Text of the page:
Marie-Therese, Child of Terror: The Fate of Marie Antoinette's Daughter
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When Holy Roman Emperor Joseph I died without a male heir in 1711, the crown passed to his brother, Charles VI.
~ First sentence, Chapter 1 - Sex and Politics, Marie-Therese, Child of Terror ~
What was the fate of Marie-Thérèse (1778–1851) after the beheadings of her parents, King Louis XVI and Queen Marie Antoinette of France? Nagel, professor of humanities at Marymount Manhattan College (Mistress of the Elgin Marbles), relates the dramatic highs and lows experienced by the woman known as Madame Royale. Her uncle, the Austrian emperor, wanted her to marry his brother, when she escaped from the Temple Prison at age 17 after three hellish years. Instead, she endured a loveless and childless marriage to her Bourbon cousin the Duc d'Angoulême, but became the close political ally of their uncle, Louis XVIII, whom she joined in his peripatetic exile and saw in his triumphant return to France in 1814 as king. Marie Thérèse survived the 1830 abdication of her father-in-law, Charles X, and died in exile. Known for her kindness and wit, she also endured persistent rumors that she was not the real Marie-Thérèse and the constant threat of abduction and assassination.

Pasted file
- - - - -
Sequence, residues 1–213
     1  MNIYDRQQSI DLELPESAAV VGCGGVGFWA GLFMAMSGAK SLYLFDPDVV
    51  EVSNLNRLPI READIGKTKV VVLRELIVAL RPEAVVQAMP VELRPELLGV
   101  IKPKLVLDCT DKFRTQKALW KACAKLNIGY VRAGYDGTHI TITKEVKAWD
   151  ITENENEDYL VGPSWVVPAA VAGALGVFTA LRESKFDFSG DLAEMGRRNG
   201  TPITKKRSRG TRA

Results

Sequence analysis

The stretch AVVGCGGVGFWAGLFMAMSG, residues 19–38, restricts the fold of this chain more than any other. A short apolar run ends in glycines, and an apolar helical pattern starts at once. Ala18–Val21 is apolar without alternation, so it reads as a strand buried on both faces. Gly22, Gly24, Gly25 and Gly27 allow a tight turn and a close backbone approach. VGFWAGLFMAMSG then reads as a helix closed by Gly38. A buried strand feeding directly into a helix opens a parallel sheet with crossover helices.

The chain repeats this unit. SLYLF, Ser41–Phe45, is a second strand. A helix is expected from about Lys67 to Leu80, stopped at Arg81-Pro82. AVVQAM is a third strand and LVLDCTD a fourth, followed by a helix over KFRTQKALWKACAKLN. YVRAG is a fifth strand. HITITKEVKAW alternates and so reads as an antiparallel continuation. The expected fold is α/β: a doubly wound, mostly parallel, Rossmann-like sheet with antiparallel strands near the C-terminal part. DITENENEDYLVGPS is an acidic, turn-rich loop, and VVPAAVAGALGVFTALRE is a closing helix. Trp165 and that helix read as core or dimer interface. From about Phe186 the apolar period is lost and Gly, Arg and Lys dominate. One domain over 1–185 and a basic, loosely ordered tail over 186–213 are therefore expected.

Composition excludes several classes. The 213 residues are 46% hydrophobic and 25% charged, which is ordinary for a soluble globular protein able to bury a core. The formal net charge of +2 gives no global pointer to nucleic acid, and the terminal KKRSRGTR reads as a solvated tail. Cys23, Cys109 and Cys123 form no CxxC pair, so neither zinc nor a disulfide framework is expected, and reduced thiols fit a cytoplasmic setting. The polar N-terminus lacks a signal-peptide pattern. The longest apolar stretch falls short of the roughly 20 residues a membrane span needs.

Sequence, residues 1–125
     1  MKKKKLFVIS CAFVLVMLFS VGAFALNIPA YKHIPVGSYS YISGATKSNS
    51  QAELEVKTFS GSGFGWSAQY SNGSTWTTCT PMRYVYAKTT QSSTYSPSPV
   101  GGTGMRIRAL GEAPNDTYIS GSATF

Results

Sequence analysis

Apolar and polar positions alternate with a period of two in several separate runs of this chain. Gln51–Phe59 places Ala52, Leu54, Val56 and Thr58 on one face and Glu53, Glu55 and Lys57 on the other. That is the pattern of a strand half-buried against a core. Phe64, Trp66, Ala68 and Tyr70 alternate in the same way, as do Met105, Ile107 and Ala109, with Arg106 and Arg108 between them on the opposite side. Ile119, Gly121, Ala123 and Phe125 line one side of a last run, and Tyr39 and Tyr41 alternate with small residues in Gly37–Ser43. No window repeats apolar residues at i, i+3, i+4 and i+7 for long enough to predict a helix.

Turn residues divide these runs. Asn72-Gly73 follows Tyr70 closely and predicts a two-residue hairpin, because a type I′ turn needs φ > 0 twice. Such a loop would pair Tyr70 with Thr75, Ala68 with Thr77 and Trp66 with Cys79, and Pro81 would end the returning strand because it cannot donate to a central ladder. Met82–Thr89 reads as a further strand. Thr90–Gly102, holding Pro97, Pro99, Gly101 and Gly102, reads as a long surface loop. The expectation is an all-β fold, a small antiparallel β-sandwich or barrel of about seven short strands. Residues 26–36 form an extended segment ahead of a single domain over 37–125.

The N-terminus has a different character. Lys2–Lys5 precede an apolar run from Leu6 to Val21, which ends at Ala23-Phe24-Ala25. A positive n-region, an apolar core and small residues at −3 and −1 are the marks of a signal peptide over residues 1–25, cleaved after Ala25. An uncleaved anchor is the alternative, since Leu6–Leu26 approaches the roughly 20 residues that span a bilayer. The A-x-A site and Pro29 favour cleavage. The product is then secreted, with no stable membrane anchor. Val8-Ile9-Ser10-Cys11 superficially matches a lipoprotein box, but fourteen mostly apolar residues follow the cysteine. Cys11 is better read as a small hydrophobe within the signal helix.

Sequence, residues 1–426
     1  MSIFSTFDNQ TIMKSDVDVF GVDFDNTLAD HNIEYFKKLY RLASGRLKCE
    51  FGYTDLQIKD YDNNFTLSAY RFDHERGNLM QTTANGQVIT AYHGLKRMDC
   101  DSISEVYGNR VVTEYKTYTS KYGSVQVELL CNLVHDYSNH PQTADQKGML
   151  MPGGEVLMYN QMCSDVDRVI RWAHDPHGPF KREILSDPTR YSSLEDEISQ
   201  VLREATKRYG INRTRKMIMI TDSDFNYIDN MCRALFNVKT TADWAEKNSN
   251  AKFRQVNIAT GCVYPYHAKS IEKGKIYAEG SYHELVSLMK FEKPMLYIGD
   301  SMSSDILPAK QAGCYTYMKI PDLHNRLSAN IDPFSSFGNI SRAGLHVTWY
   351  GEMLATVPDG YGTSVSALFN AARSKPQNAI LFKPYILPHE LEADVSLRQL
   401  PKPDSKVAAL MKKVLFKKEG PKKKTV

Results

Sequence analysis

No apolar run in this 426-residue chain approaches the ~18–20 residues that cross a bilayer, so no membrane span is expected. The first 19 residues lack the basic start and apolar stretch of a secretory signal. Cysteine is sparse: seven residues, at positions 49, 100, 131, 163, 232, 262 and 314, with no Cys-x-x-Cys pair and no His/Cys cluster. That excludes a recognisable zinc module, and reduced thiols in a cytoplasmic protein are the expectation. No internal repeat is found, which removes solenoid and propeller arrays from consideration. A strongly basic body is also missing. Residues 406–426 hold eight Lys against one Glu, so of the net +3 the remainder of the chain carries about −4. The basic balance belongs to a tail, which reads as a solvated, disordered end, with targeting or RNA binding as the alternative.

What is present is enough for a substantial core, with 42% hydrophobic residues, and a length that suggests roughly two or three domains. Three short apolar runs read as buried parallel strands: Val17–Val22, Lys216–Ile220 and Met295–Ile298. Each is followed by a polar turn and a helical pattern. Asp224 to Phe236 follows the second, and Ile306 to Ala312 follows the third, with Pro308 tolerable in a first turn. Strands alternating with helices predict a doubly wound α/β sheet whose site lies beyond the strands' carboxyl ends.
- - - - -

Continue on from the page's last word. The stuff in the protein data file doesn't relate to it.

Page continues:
A thoroughly engrossing non-fiction book that reads like a novel. It is filled with rich and exacting detail of Marie-Therese's life and no stone is left unturned. One would think that a book like this would be slow going, not so. The author brings the characters, times and places to life and you become enmeshed in the world around you. Marie-Therese was truly a remarkable woman considering what she went through as both a child and an adult. She forgave the people of France for the horrendous treatment of her family and always believed until the end that she would see her family restored and returned to glory. She never stopped loving her country. I very much enjoyed this book and recommended it to any lover of historical non-fiction or fiction.